Sun Protection for Infants

Sun protection is especially important for young infants. An infant’s skin is 20% thinner than the adult skin which predisposes it to water loss and sensitivity from environmental elements. Furthermore, infants under 6 months of age do not yet have the protection of melanin in their skin. Experts agree that sunburns in the early part of life are a leading risk factor for skin cancer. Early, consistent sun protection is the best protection against skin cancer, which is 5X more prevalent than breast or prostate cancer. In fact, intermittent, severe sunburns in childhood have been considered to pose the greatest risk, although sunburn throughout life likely contributes to melanoma development (Autier 1998, Dennis 2008). Promoting consistent, healthy sun protection behavior is one of the most important messages that parents can teach their children.

The American Academy of Pediatrics states that it is best for infants under six months of age to avoid periods of direct sunlight.  ( However, the AAP has recently softened their previous messaging advocating against sunscreen use for young infants. In cases whereby direct periods of sunlight cannot be avoided, the AAP states that small amounts of sunscreen are preferred to no sunscreen use at all. Parents should apply sunscreen on small areas of the body, such as the face and the backs of the hands. Use a product with safe ingredients and avoid applying to the inside of the hands and be careful around the eyes. What are key steps parents can take to protect infants and young children from the sun? Click here for a one-page handout to share with your patients:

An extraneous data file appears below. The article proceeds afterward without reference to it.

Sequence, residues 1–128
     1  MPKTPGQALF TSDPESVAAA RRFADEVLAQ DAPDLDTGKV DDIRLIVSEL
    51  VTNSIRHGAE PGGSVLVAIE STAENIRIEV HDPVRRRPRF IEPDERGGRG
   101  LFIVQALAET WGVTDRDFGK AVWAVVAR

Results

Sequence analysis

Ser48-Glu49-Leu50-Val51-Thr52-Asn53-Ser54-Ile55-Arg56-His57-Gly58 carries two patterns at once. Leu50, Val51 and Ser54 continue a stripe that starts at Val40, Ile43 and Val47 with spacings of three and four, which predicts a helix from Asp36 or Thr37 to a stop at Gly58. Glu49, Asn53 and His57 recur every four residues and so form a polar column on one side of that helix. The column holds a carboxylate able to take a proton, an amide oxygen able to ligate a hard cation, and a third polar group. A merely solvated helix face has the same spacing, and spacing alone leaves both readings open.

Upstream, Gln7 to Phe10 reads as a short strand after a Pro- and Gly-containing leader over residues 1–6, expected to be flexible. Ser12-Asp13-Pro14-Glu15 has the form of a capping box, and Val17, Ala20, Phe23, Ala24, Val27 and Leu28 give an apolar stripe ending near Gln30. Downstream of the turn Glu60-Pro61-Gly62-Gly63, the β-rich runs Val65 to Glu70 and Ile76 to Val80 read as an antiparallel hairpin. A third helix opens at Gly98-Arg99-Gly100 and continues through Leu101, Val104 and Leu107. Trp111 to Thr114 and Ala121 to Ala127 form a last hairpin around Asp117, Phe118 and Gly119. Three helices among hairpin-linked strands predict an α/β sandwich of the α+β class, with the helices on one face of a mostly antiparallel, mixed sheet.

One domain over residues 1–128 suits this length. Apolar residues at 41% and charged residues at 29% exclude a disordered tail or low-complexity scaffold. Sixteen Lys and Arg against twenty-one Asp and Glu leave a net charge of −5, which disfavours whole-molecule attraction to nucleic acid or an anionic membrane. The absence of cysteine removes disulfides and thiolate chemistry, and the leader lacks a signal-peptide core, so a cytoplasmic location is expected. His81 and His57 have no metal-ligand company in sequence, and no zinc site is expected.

New Sunscreen ratings – what do they mean?

New FDA labeling guidelines for sunscreen go into effect this summer.
. What does this mean for parents who are shopping for sunscreen for their infants and young children? Both UVB and UVA radiation is emitted by the sun. Traditional SPF ratings on sunscreen products only address UVB protection, which causes sunburn. However, UVA radiation is also dangerous because it contributes to premature aging and the most dangerous forms of skin cancer. One aspect of the new FDA labeling regulations will offer a ‘broad spectrum’ test rating on products. Sunscreen products allowed to be labeled as "Broad Spectrum” will protect against both UVA and UVB rays. It is important for parents for look for the new UVA “star” rating system on the label. The more stars, the better:


  • 1 star is low UVA protection
  • 2 stars is medium protection
  • 3 stars is high protection
  • 4 stars in the highest protection available in an over the counter product



What else do parents need to be aware of when shopping for sunscreen products?


  1. Avoid sprays and powders (Sprays and powders cloud the air with tiny particles of sunscreen that may not be safe to breathe)

  3. Use a minimal SPF of 15; but not higher than 50 (there is no scientific that SPFs above 50 offer added protection). A higher SPF of 30+will be needed for beach play, swimming, and outdoor sports.

  5. Look for Broad Spectrum protection – protection from both UVB and UVA rays. The more stars the better.

  7. Check the level of water resistance. No product is really waterproof – they all wash off after a while. The new FDA labeling requires clarity in the level of water resistance, at 40 vs. 80 minutes.

  9. Consider a ‘mineral-based’ sunscreen product. After reviewing the evidence, the Environmental Working Group has determined that mineral sunscreens have the best safety profile of today’s US choices. They are stable in sunlight and do not appear to penetrate the skin. They offer UVA protection, which is sorely lacking in most of today’s sunscreen products”. (

  11. Check the Safe Cosmetics Database for the safest sunscreen products – a rating of 0-2 is considered the most favorable. Only one in five sunscreens earns high marks for safety and efficacy. Referencing this database will help parents locate a mineral based sunblock, as well as alerting them to dangerous chemicals to avoid, such as vitamin A & oxybenzone. Vitamin A has been shown to increase the most dangerous types of skin cancer. http://www.ewgorg/report/what-scientists-sayabout-vitamin-sunscreen) Oxybenzone penetrates the skin, can trigger allergic reactions, & is a potential hormone disruptor. Experts caution against the use of oxybenzone, especially for children.